[00:24:06] So, hearing that list, does that make sense with your orientation on preserving optionality in the Long Now? Is there anything that in there you want to elaborate on or any additions that you would include? How should city builders think about building metropolises and Metropoly that last for a millennium? 

[00:24:25] Nicholas Paul Brysiewicz: Yeah. Okay. I'm certainly no expert on Peter Calthorpe, but he was a dock resident here on this particular dock, here in Sausalito. And so, a lot of his stuff about walkable cities and stuff was developed here. He's also, of course, given some Long Now talks as well, which everybody can check out.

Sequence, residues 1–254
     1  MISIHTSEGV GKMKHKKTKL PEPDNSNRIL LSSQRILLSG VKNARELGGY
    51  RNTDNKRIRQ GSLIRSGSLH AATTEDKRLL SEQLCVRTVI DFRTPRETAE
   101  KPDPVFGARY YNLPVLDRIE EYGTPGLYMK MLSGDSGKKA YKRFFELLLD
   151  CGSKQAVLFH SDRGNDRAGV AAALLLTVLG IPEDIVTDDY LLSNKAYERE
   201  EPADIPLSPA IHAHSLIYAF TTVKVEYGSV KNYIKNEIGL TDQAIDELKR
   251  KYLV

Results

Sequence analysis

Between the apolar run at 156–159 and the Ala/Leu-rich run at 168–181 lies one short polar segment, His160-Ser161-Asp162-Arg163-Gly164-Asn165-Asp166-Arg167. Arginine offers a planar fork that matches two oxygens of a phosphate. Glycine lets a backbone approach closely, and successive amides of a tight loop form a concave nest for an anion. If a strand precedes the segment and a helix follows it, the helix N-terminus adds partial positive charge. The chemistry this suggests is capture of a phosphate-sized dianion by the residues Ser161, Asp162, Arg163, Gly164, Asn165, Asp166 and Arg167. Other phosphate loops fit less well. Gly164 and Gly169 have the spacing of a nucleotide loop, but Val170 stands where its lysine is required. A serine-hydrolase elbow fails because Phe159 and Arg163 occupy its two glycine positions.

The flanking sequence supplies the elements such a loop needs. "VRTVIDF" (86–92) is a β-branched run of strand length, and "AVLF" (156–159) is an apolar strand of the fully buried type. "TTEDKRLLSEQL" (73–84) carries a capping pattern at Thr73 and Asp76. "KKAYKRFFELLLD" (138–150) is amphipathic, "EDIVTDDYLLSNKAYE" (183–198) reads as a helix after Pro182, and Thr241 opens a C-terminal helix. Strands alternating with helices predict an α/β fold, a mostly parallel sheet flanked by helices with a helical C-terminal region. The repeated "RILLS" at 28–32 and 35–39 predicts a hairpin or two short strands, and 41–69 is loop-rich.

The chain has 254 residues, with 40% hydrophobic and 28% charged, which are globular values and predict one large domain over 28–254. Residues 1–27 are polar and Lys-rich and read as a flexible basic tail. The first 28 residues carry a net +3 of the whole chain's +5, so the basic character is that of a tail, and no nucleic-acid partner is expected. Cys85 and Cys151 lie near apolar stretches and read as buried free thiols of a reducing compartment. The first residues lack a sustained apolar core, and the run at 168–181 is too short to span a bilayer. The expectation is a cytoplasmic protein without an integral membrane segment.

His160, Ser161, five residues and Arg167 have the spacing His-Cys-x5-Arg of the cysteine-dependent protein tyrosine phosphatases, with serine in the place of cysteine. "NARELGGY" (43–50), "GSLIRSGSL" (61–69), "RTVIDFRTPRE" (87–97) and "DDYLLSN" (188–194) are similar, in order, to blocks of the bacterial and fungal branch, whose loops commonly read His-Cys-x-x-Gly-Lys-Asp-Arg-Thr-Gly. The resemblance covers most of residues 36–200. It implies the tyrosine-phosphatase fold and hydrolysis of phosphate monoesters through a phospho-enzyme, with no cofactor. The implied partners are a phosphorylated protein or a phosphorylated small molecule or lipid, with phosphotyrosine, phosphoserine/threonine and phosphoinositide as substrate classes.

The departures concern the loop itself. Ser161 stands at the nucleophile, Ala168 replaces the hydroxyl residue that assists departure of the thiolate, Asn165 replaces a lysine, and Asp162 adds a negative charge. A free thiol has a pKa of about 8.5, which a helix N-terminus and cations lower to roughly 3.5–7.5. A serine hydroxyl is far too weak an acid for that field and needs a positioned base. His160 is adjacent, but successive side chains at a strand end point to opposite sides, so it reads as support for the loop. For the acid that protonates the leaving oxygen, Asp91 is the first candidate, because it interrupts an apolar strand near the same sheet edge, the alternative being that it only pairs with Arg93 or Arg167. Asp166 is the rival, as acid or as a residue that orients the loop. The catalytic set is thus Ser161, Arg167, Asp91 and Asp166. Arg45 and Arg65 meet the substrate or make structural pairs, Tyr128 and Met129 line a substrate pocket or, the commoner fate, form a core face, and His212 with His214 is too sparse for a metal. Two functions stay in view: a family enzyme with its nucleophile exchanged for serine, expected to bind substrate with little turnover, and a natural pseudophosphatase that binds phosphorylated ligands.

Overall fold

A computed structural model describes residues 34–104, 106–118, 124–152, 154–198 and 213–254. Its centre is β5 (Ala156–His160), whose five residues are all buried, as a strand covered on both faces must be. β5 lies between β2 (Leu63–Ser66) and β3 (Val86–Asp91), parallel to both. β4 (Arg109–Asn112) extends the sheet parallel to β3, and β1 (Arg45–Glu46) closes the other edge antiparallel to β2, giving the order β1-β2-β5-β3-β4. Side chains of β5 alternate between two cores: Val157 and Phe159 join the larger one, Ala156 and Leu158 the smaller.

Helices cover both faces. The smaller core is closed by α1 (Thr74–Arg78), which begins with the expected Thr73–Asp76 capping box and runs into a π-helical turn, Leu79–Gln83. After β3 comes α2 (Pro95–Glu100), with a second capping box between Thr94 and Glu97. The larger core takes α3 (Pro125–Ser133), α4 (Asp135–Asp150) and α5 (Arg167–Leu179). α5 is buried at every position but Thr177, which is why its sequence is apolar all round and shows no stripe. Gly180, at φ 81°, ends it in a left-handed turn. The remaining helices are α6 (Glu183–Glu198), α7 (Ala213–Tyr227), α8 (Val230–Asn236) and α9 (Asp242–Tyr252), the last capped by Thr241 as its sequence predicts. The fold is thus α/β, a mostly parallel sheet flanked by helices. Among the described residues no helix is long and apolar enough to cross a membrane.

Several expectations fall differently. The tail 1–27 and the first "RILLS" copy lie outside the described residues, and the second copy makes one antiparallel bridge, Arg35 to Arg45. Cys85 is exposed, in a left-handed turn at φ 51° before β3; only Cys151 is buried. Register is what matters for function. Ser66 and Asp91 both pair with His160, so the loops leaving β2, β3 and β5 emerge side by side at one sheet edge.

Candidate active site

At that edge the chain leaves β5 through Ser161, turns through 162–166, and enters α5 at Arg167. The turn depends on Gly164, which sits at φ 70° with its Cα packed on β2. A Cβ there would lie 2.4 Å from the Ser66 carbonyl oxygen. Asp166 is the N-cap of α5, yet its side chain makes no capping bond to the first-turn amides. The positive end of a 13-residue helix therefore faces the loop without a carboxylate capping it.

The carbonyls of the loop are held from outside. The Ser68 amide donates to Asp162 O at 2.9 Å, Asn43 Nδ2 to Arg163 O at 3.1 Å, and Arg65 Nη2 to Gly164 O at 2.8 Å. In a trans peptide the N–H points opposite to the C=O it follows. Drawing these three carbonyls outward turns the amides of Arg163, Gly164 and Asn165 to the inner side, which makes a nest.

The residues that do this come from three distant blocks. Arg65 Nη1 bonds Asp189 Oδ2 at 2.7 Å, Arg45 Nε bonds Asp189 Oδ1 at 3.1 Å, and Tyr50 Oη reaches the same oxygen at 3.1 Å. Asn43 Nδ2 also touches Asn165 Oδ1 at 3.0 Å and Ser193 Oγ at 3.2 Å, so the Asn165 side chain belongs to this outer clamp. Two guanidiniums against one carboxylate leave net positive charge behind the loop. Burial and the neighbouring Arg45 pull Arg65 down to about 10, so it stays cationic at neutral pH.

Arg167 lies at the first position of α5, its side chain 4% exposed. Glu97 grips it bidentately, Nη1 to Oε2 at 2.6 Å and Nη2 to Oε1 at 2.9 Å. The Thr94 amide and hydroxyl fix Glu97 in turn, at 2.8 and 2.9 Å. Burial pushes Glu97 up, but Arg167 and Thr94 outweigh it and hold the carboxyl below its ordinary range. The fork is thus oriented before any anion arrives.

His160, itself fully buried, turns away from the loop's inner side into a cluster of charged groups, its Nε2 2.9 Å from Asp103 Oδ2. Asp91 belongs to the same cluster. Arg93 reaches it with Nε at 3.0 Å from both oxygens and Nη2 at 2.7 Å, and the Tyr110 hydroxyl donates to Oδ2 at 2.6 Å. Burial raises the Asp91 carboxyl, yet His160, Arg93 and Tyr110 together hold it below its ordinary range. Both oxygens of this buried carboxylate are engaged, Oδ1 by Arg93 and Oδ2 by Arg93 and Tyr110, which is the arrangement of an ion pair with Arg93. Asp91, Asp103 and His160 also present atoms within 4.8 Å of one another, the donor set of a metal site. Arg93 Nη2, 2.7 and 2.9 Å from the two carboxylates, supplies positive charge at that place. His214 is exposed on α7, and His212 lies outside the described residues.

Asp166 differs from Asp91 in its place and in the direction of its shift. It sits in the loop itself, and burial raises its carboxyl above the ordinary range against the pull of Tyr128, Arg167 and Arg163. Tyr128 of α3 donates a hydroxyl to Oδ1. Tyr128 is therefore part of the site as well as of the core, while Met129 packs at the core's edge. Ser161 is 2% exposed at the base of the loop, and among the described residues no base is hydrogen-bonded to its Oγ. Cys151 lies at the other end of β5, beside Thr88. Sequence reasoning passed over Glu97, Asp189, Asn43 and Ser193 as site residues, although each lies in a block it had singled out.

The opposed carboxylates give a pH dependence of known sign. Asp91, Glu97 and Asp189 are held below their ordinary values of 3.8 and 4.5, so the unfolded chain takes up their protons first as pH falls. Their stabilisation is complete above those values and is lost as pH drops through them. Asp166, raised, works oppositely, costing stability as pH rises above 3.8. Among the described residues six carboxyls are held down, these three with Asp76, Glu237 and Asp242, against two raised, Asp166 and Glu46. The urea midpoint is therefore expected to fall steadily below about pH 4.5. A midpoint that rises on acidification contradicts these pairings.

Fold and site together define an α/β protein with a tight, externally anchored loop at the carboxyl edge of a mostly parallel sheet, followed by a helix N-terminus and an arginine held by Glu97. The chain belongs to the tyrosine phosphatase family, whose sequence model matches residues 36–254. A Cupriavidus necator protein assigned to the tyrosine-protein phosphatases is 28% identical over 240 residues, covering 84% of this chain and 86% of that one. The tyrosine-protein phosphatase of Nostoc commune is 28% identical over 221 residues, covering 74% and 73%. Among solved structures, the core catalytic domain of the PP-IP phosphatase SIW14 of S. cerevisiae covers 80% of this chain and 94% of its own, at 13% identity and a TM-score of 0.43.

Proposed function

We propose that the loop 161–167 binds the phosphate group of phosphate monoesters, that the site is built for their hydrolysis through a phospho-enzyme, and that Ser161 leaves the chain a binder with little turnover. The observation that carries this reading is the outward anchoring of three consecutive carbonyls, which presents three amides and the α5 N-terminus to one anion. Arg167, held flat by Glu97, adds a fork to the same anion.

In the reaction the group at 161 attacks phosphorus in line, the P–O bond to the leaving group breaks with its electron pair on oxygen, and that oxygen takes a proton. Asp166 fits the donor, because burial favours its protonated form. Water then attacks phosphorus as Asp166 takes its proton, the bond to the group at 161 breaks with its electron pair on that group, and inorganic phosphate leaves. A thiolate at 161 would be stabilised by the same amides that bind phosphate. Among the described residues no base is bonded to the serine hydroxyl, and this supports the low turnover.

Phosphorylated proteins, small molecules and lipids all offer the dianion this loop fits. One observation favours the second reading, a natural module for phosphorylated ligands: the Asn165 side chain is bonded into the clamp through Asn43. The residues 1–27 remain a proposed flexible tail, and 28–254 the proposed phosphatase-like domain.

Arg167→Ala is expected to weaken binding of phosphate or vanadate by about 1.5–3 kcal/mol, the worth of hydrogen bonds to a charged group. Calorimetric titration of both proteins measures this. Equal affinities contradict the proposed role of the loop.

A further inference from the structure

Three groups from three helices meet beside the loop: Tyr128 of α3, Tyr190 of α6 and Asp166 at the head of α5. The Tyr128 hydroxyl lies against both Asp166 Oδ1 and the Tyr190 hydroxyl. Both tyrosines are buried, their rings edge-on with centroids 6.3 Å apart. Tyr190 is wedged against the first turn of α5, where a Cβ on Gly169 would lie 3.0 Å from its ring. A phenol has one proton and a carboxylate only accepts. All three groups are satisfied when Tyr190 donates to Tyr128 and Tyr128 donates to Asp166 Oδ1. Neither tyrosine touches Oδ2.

[00:24:40] So I love that you brought that up. When we think about cities, I think what's helpful is looking at things like pace layers diagrams, books like How Buildings Learn that Stewart Brand wrote, people like Peter Calthorpe, getting into the canon of what it means to really think about planning cities. But then I also think there's something really important about experiencing other people's attempts to rethink cities. And I'm saying this in a super biased way because I just got back from Arizona where I went to go see also Paolo Soleri’s kind of utopian vision for a different kind of architectural dwelling in the 1970s. And of course, it's all made out of concrete and clay. And it's just, it's a very, you know, it's a dense, it's meant to be dense. It's meant to basically be the opposite of Phoenix, Arizona. The Phoenix, Arizona puts automobiles up on a pedestal, and everything's basically built around the giant truck. Arcosanti doesn't have it. You park your car out front and that's the last you see your car, and you can still have an entire city experience there. That was the idea, right?